Falling off donkeys, walking into noticeboards and getting friction burns from slides are just some of the things people have tried to get compensation for from Lincolnshire councils over the past five years.
A Freedom Of Information request to all the district councils, Lincolnshire County Council and North and North East Lincolnshire councils asked for details of both successful and unsuccessful claims.
The figures reveal some councils have paid out at least £263,246.89, however, not all authorities could give all their figures so the final tally is likely to be higher.
East Lindsey District Council was the district with the most claims with 52 incidents reported, however, 18 of those claims were not ELDC’s responsibility.
One person reportedly injured themselves falling off a donkey.
Claims to the authority included one running into an information board frame, another hitting their head on an ashtray attached to a wall and another tripping on a barrier on the beach.
Its biggest claim over the past five years was for £14,202 for an injury caused after a fall in a car park.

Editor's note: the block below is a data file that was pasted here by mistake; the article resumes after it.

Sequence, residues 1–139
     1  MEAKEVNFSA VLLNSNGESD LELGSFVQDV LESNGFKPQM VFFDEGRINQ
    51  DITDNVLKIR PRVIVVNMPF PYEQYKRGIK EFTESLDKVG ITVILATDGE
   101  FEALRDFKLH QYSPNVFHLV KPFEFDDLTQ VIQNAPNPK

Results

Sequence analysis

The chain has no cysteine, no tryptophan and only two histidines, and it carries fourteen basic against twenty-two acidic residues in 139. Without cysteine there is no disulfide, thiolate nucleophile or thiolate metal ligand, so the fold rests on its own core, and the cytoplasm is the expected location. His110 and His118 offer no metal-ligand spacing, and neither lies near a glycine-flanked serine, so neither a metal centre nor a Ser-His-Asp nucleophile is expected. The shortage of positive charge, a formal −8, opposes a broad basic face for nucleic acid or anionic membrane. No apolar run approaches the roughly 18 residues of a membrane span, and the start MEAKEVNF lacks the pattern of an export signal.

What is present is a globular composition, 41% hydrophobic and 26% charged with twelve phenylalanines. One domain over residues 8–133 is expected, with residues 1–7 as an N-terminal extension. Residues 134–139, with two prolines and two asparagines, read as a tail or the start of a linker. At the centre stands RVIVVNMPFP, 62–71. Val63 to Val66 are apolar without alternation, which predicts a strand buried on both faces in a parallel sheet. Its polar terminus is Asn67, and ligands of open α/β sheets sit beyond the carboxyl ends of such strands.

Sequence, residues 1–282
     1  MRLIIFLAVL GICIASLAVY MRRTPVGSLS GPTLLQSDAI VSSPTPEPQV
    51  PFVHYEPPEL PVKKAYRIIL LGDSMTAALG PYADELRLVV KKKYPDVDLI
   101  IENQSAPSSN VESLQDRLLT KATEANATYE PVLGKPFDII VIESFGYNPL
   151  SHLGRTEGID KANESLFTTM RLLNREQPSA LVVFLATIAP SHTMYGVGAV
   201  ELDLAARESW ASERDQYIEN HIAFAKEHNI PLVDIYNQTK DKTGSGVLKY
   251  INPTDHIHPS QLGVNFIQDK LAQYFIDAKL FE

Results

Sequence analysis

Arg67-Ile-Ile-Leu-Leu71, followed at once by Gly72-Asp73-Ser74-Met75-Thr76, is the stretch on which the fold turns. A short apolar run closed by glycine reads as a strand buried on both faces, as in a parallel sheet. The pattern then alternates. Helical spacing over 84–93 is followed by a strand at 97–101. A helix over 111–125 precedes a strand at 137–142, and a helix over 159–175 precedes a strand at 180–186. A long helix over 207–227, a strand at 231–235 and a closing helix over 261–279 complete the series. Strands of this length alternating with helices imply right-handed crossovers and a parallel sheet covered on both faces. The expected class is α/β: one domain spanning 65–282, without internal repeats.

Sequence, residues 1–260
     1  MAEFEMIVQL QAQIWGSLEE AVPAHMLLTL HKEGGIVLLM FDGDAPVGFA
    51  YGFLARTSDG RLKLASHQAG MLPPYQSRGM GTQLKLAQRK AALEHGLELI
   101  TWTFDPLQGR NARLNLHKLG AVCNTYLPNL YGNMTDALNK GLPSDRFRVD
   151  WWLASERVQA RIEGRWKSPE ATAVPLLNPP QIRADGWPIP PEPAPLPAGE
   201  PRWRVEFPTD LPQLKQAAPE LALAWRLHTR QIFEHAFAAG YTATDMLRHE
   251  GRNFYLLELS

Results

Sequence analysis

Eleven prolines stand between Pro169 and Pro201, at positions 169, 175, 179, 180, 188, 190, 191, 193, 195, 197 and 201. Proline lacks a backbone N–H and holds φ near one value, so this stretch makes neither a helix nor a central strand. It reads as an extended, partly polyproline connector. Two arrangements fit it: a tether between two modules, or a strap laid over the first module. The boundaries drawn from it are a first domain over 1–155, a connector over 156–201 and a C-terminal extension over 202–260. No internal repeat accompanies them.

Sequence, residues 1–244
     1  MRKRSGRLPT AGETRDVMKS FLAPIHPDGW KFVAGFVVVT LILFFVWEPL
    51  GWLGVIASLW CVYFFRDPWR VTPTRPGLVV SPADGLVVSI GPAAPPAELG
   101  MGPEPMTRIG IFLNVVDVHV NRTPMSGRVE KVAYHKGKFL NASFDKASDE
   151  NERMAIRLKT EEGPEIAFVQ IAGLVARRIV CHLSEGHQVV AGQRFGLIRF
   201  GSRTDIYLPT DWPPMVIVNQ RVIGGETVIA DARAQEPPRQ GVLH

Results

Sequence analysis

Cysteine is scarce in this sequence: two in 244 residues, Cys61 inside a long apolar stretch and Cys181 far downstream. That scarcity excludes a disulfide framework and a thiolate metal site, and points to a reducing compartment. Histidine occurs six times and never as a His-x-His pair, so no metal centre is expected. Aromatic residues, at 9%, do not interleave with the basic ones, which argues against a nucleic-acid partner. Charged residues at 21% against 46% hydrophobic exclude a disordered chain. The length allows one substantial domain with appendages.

A spokesman for ELDC said: “The amount of public open space owned by East Lindsey District Council is far greater than any other Council in Lincolnshire. As a result, it could be expected that we might receive more claims.
"Having said that, we do sometimes receive claims inadvertently where people believe we are responsible for a piece of land."
Meanwhile, in the county’s capital someone unsuccessfully tried to claim compensation from the City of Lincoln Council for slipping on bird droppings.
The authority has had to pay out more than £21,000 in compensation, with all of its claims from the past five years taking place in 2014/15.
The most successfully claimed for was £10,128.96 from a fall in a skatepark, while another managed to claim £8,447.99 for cutting their knee on glass.
Other claims included a low-sited sign and a banister giving way (successful), trips on drain covers, falls at home and falls on paving slabs (unsuccessful).
Lincolnshire County Council and North Lincolnshire both refused to answer the FOI claiming that fetching the information would exceed both time limits and cost limits. It is unclear if this is because of a high number of claims or the level of detail within.